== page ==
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Currently I'm a software engineer at my company. We've been using ASP classic for a while and in our search for improvement we as a department have been striving to make a switch to C# ASP.NET.

I overheard my manager talking about architectures and told him I'd like to assist since I already had some knowledge about it. So I was assigned as the one who did the research towards architecture and how to support our department in an orderly fashion as we grow.

This was important as the current switch in languages is more than just the language itself but also the methodology.

As I kept researching I seem to have kindled a passion towards architecture and how this can be combined within the software development environment. So I wish to develop myself within the next several years towards becoming a software architect.

Currently my company has a lot of developers but hassn't matured enough to expand towards other jobs such as architects, business analysts, etc. However they still wish to know more and develop the company in a more orderly and mature fashion.

So to summarise. How do I grow from a software engineer position towards a software architect position in a company that doesn't know software architects?

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    Well, become the change you want to see. Do you need to be called an architect? Is it connected to salary? Look into devops and when you want to convince management then focus on the monetary gain aspect of it. Automatic builds = less manual error = money saved. Test = less errors goes into production = less costly to fix errors = money saved. You get the idea.. Feb 22 '17 at 14:09
  • @ErikBergstedt I'd want to be called an architect as it is indeed connected to salary. Maybe not directly at this company, but if I were to ever switch to a different company it'd be much easier. But I understand, if I want to prove myself, I'd need to show it in numbers. preferably monetary numbers. However as I'm still inexperienced in the topics at hand, it'd be hard to find these places where money can be saved. Especially since architecture is a rather vague topic.
    – Migz
    Feb 22 '17 at 14:16
  • I understand. Then you can simply market yourself as an architect at that new company.. fake it until you make it - really, that is the truth of it. Do you feel like an architect? Then you are. Words, labels, it's all malleable, everything is contextual and relative to the person you want to convince. You can convince your manager than an 'architect' is someone who simply knows devops. "Devops" is just as vague as "architecture". Regarding money saved: time saved = money saved. Find places where time can be saved, try to fix them, convince people in power of fixing them. Feb 22 '17 at 14:21
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    Want to be a Software Architect? Just start acting like one. Sometimes responsibilities are there for whoever wants to grab them. Don't be so concerned about titles and focus on the practice. When the opportunity comes you can just say "that is what I have been doing for ages!" and 'officially' become one.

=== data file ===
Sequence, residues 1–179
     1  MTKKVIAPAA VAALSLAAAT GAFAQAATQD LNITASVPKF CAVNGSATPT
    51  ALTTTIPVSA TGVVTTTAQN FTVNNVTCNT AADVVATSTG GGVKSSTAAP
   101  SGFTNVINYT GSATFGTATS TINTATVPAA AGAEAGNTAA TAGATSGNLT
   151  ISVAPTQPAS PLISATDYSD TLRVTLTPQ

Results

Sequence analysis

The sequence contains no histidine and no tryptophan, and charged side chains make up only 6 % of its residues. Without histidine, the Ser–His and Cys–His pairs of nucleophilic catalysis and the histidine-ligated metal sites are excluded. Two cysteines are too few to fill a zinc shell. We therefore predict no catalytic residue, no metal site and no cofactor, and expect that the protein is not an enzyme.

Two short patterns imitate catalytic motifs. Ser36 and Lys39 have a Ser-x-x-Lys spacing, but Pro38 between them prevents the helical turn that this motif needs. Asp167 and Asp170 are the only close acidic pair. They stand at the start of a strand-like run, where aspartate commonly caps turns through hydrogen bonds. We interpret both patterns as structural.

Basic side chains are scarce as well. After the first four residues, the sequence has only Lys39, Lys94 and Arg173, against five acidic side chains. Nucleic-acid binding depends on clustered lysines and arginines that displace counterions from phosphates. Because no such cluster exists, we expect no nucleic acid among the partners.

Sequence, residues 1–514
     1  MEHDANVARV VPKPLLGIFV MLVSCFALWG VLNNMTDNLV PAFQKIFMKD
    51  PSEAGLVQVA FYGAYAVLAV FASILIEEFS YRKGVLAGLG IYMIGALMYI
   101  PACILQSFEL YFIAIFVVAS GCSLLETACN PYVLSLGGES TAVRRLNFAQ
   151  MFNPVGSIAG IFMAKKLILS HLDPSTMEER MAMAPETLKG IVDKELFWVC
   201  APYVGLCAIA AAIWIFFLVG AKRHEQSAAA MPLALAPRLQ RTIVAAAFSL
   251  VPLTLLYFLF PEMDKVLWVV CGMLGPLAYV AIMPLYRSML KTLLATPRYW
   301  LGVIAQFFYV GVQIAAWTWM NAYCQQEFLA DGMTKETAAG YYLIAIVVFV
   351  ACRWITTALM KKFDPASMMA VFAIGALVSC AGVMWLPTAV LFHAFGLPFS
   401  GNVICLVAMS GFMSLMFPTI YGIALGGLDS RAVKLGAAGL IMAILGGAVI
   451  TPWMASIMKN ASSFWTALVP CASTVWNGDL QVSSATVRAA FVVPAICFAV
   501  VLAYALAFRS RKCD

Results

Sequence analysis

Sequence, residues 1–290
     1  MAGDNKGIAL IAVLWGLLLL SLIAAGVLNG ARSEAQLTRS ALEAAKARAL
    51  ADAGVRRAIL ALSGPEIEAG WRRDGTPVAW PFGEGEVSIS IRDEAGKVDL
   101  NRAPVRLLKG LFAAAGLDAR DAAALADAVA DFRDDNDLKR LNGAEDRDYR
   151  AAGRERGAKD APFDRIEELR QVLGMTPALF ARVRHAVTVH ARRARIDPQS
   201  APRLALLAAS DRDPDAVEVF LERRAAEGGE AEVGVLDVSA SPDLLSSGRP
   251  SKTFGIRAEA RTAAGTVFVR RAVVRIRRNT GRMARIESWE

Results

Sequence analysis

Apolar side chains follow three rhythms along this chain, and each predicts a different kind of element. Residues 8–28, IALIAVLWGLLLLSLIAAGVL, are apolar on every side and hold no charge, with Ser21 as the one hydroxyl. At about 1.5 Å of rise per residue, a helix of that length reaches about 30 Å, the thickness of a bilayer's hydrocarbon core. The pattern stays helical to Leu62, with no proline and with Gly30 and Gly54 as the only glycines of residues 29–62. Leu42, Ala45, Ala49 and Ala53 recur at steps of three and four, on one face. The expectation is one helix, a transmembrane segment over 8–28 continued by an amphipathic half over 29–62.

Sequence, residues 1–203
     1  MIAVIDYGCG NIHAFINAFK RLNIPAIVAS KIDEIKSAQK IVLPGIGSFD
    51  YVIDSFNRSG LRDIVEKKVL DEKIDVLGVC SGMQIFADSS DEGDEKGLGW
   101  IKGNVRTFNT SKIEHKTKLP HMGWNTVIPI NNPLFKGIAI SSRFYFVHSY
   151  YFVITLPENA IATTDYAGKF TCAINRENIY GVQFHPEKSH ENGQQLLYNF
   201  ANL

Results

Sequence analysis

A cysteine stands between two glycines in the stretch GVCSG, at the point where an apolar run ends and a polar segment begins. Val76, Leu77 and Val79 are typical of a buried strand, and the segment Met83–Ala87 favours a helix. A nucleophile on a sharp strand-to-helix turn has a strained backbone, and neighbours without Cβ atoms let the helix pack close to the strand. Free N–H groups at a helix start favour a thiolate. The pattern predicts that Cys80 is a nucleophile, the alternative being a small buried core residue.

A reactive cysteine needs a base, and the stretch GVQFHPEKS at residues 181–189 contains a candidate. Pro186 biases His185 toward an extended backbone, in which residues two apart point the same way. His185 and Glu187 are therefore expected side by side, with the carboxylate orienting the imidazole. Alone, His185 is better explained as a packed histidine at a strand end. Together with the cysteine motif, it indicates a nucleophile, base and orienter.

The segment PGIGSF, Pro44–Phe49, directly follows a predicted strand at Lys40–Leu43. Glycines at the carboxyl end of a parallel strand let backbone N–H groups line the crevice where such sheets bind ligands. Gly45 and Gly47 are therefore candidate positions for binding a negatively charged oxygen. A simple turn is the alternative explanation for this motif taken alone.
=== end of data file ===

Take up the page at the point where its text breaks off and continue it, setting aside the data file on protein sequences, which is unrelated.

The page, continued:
– angarg12
    Feb 23 '17 at 8:04
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The bottom line in these situations is always money. And not just considerations such as what they pay you, but whether they're getting a bang for their buck as far as your output is concerned.

Software architecture is quite awesome, but the reality is that most companies do not have the processes and staff in place to hire a full time architect whose job is to simply refine their software and tools.

And the changes needed to get to that point require a lot of $$$ and institutional changes (for example hiring testers, and getting used to the fact that development will take longer because you need to much more thoroughly test their work, etc.).

Convincing a company that doesn't have these things in place that they should invest in them is very difficult - at least in the short term. Even if they agree with you it might be years before they can afford to place you exclusively in that position.

What most companies really feel they need is a stable and efficient enough environment such that their devs pump out decent quality software at a pretty good pace.

In other words, if you really want to get into software engineering, get whatever experience you can get out of this job, maybe take some kind of certification course in your spare time, and find a company which already has that role in their organization.

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Show your boss that the need exists and that you would save/generate more money for the company in that role than in your current one. Convince him that it seems that its in his interest (not just the company's) to spend the department's scarce resources, at this time, on meeting that need.

(That last one may be difficult. You may need to sell this idea higher up the management chain.)

Or grow into the role on your own time, then go to management with endorsements from those whom it has helped and suggest they make it official.

Or go interviewing for that position elsewhere.

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Take the initiative and start doing it. Ask for permission to start implementing your changes, and then do so.

They may not understand the concept, but they will understand quantifiable benefits. I started my IT career by making myself the desktop support person for our location. Just step into the role, but get permission first.

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